The small size of many farms precludes the use of agricultural machinery and advanced technology; for that reason, manual labour continues to be used, leading to poor efficiency and profitability. To overcome these constraints, farmers with initiative rent land from people who have retired; they also move from one category to another in order to have easier access to inputs and credit or to practice more independently. Two farmers’ associations were created in 1996, with respectively 25 000 and 50 000 members, to defend the rights and interests of private farmers. Service cooperatives have also been established throughout the country.

Availability of agricultural inputs

Access to farm equipment is difficult due to an unequal distribution and inadequate servicing. The use of fertilizers is very low and in some cases tantamount to abandonment of the fields, particularly vineyards and orchards. The low demand and the widespread use of barter delays the development of a true competitive market for agricultural inputs. Access to credit remains extremely difficult.

Seed sector

The Law for the Protection of Plant Varieties recognizes and protects rights certified by the grant of a variety patent. The authorities responsible for the legal protection of the varieties are: the National Council for Plant Varieties (for overall policy and authorization to use varieties); the State Commission for Variety Testing (for testing and maintaining the Register of Plant Varieties); and the State Agency for the Protection of Intellectual Property (for receiving requests, effecting registrations, publishing information and granting patents). New varieties must satisfy the DUS criteria. The breeder of a new variety (author) has the right to an equitable remuneration of no less than 15% from any proceeds.

The 1991 Act of the UPOV Convention entered into force in respect of the Republic of Moldova in October 1998. The Selectia Research Institute undertakes plant breeding activity for wheat (with 9 professionals), barley, (hybrid) sunflower, (hybrid) sugar beet, and pulses. Two varieties of winter wheat commonly grown in Moldova were developed at Selectia. The Porubeni Research Institute breeds maize. Both institutes are financed by the Ministry of Agriculture and Processing Industry (MAPI) and are linked to the Academy of Sciences.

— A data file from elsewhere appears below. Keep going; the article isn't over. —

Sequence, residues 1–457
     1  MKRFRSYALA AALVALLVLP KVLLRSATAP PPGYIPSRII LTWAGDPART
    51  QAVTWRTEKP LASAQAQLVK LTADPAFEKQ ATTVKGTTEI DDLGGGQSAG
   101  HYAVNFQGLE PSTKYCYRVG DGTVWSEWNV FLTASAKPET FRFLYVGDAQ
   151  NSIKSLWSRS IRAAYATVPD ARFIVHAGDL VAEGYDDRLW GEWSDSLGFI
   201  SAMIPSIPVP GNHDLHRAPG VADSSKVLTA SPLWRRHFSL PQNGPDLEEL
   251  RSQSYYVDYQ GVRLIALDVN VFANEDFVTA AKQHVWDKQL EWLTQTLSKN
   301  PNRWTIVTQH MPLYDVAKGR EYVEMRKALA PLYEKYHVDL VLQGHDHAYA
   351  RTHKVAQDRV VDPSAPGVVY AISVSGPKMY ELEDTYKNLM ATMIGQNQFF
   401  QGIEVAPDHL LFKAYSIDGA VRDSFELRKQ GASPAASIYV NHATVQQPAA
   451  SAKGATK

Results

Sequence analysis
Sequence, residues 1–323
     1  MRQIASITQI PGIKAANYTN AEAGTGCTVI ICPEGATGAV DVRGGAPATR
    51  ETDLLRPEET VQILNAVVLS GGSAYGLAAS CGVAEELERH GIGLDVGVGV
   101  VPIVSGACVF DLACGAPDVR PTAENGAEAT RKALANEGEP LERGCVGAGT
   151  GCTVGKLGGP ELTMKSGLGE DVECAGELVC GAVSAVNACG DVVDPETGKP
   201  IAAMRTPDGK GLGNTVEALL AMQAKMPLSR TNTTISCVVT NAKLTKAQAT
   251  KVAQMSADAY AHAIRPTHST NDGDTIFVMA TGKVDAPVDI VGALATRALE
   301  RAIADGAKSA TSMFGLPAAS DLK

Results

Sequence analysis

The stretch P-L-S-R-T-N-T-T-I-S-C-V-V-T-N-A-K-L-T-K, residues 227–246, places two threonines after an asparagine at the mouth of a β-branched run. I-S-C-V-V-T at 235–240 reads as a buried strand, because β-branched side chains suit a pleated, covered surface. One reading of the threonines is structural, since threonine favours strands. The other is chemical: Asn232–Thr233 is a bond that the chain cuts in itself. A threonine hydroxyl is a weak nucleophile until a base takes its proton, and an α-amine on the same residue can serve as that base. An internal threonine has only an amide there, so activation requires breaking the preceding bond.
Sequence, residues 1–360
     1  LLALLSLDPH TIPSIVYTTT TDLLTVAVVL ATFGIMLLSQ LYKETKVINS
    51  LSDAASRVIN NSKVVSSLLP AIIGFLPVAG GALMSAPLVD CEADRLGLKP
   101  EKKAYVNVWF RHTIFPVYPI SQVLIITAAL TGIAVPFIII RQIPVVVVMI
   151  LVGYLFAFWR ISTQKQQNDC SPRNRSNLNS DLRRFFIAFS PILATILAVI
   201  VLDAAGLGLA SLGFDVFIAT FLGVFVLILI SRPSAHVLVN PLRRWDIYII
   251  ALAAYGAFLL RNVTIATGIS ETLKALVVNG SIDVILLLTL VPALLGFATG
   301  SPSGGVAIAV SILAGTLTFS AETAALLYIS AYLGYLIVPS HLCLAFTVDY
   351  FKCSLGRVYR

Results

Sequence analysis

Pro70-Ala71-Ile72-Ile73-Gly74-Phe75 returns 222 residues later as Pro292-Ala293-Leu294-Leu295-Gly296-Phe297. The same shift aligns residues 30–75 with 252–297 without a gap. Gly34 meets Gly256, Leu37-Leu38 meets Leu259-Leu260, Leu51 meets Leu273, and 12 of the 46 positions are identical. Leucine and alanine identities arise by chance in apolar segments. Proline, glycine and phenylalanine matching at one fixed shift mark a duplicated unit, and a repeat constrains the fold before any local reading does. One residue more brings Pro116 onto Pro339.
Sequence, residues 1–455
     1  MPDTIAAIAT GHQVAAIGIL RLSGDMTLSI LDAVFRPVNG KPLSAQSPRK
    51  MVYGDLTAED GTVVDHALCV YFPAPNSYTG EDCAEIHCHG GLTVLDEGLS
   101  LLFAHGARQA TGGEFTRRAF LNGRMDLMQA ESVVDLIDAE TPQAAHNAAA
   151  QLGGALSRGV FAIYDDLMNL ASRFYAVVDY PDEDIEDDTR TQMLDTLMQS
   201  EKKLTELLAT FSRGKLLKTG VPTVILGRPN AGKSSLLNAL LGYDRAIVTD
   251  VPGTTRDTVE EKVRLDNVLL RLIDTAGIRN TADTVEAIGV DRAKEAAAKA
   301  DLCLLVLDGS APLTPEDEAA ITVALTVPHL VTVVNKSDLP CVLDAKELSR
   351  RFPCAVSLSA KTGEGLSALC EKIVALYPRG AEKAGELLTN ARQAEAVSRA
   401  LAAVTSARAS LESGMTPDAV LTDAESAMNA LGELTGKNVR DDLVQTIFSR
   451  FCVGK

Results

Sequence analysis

A 1999 project reported that the institute, without true contact to the market, determines the selection criteria for varieties chosen for multiplication, which include resistance to disease, frost, quality and yield.

Selectia produces mother seed, which is then multiplied on special multiplication farms through Super Elite, Elite and finally Pedigree seed stages. Selectia has one farm for Super Elite seed production; the seed is then passed on to the 12 production units through barter transaction for Elite multiplication, under the direct supervision of MAPI, which is also responsible for certification procedures. Selected commercial farmers purchase Elite seed and multiply it up to Pedigree stage. There are other commercial companies in the plant breeding sector, particularly for vegetables.

Improved varieties account for the major portion of agricultural output and farmers in general purchase their seed for annual crops. The market has also a fair quantity of non-certified seed sold through barter. For small farms or home gardens, preference is given to old local varieties, grown from a portion of seed set aside from the previous years’ crop.